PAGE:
On stage at a sales convention, XanGo executive Joseph Morton said that when he first stumbled across mangosteen, a tropical fruit with purported curative powers, "I didn't have to have it confirmed in the New England medical journal before I would listen."
The multilevel marketing company has built a huge business around its mangosteen-based juice, which it promotes as an immunity booster. The company still hasn't proved its health benefits - which it says could include a stronger immune system and improved joint function - to skeptical experts. XanGo's website includes a disclaimer, noting the juice is not meant to treat or prevent disease. A lab test arranged by The Associated Press found its antioxidant power to be on par with other fruit juices.
Morton, a 37-year-old triathlete nicknamed Ironman Joe, was on a business trip in Malaysia when he saw mangosteen.
Morton - the company's president of international and distributor relations - capitalized on a new brand category of liquid "super-fruits" that is "doing gangbusters," said Jeff Hilton, a partner at Integrated Marketing Group, a branding consultant.
XanGo, a private company that doesn't reveal financial statements, said at the October convention that since its launch five years ago, sales of the juice topped a cumulative $1 billion. It ships out bottles by the case from Spanish Fork, Utah.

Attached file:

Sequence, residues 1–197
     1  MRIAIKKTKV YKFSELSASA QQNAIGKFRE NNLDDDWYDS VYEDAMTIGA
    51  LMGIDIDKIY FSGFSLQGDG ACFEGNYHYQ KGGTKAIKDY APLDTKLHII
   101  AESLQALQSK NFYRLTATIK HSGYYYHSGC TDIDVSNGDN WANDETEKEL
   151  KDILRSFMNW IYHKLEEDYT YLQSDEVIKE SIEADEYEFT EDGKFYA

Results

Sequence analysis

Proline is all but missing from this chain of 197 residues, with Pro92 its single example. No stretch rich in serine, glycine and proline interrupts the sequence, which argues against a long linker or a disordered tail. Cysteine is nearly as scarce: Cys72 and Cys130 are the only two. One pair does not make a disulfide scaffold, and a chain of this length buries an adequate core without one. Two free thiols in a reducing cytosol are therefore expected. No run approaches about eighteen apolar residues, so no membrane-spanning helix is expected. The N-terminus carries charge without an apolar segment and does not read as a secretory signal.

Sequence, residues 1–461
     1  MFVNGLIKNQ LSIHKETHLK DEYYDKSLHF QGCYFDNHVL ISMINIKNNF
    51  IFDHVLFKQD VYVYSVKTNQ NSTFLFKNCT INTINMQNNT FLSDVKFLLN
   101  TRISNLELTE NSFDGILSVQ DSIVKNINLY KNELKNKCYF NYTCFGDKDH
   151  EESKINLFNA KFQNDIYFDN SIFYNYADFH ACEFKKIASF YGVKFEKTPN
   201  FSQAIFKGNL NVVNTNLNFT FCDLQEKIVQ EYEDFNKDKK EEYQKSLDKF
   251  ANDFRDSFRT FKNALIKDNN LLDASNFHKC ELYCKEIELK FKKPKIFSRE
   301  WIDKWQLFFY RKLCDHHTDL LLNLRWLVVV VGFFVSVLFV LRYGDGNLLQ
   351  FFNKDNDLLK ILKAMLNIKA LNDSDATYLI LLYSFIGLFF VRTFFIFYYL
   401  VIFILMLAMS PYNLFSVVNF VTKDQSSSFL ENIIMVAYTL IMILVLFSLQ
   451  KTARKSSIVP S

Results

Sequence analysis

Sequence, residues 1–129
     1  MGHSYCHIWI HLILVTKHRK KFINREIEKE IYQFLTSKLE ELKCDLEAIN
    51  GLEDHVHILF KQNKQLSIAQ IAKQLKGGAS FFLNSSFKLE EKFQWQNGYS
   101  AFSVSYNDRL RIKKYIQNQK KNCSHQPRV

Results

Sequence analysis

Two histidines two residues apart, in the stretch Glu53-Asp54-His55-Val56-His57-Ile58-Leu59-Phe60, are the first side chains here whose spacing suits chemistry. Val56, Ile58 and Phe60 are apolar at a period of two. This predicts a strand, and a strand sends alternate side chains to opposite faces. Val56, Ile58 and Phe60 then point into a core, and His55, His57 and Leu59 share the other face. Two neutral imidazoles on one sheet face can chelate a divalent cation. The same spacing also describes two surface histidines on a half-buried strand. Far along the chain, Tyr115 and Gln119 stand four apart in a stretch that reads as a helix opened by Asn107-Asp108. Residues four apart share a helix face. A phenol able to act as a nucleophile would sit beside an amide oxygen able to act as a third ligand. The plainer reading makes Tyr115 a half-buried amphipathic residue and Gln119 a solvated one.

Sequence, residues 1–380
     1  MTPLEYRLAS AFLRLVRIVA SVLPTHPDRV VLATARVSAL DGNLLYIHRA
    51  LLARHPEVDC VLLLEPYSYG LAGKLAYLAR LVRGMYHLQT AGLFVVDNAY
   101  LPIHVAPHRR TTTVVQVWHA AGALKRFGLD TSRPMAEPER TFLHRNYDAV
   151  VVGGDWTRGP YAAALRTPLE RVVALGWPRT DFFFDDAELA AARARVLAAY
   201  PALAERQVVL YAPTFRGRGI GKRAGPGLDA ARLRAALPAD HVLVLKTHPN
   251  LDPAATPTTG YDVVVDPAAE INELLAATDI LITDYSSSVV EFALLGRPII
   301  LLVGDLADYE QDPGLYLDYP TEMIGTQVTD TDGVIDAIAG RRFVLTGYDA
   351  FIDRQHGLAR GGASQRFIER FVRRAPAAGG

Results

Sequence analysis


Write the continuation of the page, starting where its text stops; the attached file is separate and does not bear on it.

"That's the only product they sell, and people are taking it around the world," said US Senator Orrin Hatch, who quaffs XanGo and pops multivitamins and other supplements every day. The Utah Republican was the prime sponsor of the 1994 Dietary Supplement Health and Education Act, which allows the sale of supplements unless the Food and Drug Administration can prove them harmful.
An independent lab test performed for The Associated Press shows XanGo's antioxidant strength is no better than other readily available fruit juices, yet it costs nearly $40 a bottle. XanGo insists mangosteen contains other beneficial chemicals.
"My big concern with XanGo is that the business has gone a long way without showing any benefit in human trials," said Wayne Askew, director of the Division of Nutrition of the University of Utah.
Dietary supplements are a $22 billion largely unregulated business in the United States.
For the lab test, a 750-milliliter bottle of XanGo was shipped to Oregon State University's Linus Pauling Institute at Corvallis. The institute measured its antioxidant strength against store-bought juices.
On a scale of molecular weight, XanGo's antioxidants measured 14,884 "micromoles" per liter - slightly higher than cranberry juice, but lower than black cherry and less than half the power of blueberry juice. Apple juice finished last.
Antioxidants are substances added to many foods and even soap in the belief they can slow down the damage oxidation can do to cells.
XanGo has been warned by the FDA for claiming that mangosteen could ward off diseases. The company insists those claims were printed by a third party on a brochure at a recruitment seminar and it's not responsible for them.